The first lesson is that death, old age, and sickness are inevitable. It comes to everyone’s home and family, and it will continue until the Lord deals with the last enemy, death.

Secondly, I have been made keenly aware of unsung heroes that work hard at taking care of languishing and dying people in skilled nursing facilities. These trained workers need to be encouraged and appreciated for the job they do in caring for our loved ones when it is no longer possible to take care of them at home.

Thirdly, I did not realize the toll it takes on people when a loved one is in a nursing facility. I have watched my wife basically put her life on hold while she ministered to her mother. She was still a wife to me, the first lady of the church, still taught her ladies Bible study, still a mother to our children and grandma to our grandchildren, but everything else was pushed back so she could be there for her mom.

Finally, I have also been reminded that material possessions are temporal. Throughout our lives we build and stockpile possessions only to arrive at the end of our lives and find that it has been diminished to a twin bed, a single closet and that all of our earthly belongings have either been sold or given away because we no longer need them. After all, the book of Job says, Naked came I out of my mother's womb, and naked shall I return thither: the LORD gave, and the LORD hath taken away; blessed be the name of the LORD.”  

As a pastor, I have dealt with death from the other side. I have buried hundreds of people, lots of church members, friends, and other people’s family members, but it is quite different when you are on this side of it. So now we wait for the Lord’s timing in the life of my mother-in-law as the Bible says we have an appointment with death. I also realize that if the Lord does not come I will deal with this enemy again in the lives of my parents and, at some point, face it myself. Knowing this, I am thankful for God’s eternal salvation and a place called Heaven. As the song writer said, “There’s a land that is fairer than day, and by faith we can see it afar, for the Father waits over the way, to prepare us a dwelling place there. In the sweet by and by, we shall meet on that beautiful shore, in the sweet by and by we shall meet on that beautiful shore.”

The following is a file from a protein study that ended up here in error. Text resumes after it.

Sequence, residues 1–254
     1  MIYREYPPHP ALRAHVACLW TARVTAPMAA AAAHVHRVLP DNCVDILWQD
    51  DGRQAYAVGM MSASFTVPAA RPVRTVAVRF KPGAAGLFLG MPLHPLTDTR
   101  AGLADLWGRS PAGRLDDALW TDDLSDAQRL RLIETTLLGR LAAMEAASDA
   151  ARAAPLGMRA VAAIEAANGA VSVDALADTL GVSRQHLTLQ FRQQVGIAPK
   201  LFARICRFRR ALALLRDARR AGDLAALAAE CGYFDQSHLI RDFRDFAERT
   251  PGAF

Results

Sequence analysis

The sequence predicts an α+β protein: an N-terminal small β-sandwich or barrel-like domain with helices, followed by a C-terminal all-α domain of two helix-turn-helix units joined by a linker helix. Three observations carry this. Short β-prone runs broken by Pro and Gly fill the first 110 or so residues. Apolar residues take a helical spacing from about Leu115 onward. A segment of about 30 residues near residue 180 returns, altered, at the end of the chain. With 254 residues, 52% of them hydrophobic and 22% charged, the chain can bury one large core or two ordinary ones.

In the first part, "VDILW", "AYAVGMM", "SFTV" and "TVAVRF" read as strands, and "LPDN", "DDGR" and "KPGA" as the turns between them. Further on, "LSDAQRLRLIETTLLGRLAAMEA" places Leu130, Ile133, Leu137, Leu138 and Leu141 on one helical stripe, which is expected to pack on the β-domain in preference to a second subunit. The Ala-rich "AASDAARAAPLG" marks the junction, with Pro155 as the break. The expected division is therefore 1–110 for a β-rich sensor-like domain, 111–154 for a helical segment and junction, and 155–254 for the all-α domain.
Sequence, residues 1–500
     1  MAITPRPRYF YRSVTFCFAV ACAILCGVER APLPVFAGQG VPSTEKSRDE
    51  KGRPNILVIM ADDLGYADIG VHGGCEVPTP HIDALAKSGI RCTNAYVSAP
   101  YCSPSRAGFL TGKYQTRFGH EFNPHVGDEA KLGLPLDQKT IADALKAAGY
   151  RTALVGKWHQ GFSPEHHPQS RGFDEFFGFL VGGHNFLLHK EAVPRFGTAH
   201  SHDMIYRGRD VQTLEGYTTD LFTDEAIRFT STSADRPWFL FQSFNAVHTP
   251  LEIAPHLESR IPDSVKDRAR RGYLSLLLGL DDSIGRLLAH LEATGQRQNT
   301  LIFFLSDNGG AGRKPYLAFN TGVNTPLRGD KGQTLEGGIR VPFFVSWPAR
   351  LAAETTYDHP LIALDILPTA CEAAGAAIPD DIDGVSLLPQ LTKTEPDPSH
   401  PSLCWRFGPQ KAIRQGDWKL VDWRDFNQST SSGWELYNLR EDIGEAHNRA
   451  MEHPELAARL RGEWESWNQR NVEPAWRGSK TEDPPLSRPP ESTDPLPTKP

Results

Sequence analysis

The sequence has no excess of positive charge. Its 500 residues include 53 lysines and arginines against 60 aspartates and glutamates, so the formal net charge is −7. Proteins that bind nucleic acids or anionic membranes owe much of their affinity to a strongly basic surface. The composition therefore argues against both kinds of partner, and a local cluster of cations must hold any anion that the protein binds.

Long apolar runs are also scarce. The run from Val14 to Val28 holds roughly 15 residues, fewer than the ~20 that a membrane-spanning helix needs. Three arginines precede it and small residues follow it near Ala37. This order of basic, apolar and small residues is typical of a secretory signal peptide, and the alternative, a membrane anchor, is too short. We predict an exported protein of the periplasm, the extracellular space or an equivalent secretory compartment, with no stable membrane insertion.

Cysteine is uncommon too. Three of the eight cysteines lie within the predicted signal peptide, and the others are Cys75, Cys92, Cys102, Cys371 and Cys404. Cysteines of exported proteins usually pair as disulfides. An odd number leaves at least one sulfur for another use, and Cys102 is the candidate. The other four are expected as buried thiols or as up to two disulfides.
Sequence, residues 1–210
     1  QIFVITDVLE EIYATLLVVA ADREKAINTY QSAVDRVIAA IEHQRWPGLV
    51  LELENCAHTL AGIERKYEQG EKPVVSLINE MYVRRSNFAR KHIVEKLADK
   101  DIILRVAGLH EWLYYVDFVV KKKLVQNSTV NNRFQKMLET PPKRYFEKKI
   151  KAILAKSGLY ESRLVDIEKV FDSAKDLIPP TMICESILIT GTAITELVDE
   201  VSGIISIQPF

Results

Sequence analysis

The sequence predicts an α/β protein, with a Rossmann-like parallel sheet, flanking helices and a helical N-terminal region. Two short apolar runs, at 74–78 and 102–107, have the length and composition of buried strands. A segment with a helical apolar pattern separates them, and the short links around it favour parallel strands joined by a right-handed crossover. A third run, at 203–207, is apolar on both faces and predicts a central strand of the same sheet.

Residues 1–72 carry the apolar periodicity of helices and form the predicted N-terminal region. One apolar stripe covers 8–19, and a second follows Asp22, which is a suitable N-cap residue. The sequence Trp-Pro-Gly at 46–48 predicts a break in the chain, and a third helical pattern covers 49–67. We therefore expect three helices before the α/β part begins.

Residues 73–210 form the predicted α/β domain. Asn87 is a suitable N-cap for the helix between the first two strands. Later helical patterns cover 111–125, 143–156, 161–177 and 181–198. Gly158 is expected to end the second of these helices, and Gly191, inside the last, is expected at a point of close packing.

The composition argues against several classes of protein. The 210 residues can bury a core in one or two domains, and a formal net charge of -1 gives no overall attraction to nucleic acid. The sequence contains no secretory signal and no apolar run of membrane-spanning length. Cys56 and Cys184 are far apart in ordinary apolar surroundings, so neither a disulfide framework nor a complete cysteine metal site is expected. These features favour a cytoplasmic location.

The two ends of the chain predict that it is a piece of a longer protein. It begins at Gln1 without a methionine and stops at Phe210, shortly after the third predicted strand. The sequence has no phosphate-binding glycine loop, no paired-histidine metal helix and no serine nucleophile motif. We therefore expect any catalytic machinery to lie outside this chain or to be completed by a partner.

Today, I am far more aware of my own mortality. I understand as the Psalmist states in Psalms 90 that, “The days of our years are threescore and ten; and if by reason of strength, they be four score years, yet is there strength, labor and sorrow; for it is soon cut off, and we fly away.” He goes on to say, “So teach us to number our days, that we might apply our hearts unto wisdom.” May we realize that every day is a gift and should be used to serve the Lord!


Author’s Note: Since this piece was originally written, my mother-in-law has gone Home to be with the Lord. In fact, she went Home just before midnight on March 3, 2010, the day I wrote this piece. The funeral was conducted in Lima, Ohio, on March 9, 2010, and all three of our sons had a part in her service.

This time in my life serves to make me more aware of the suffering and sorrow of others. Having walked this path with my wife twice in the last two years has made me more aware of the grief that others in our church family deal with at such times.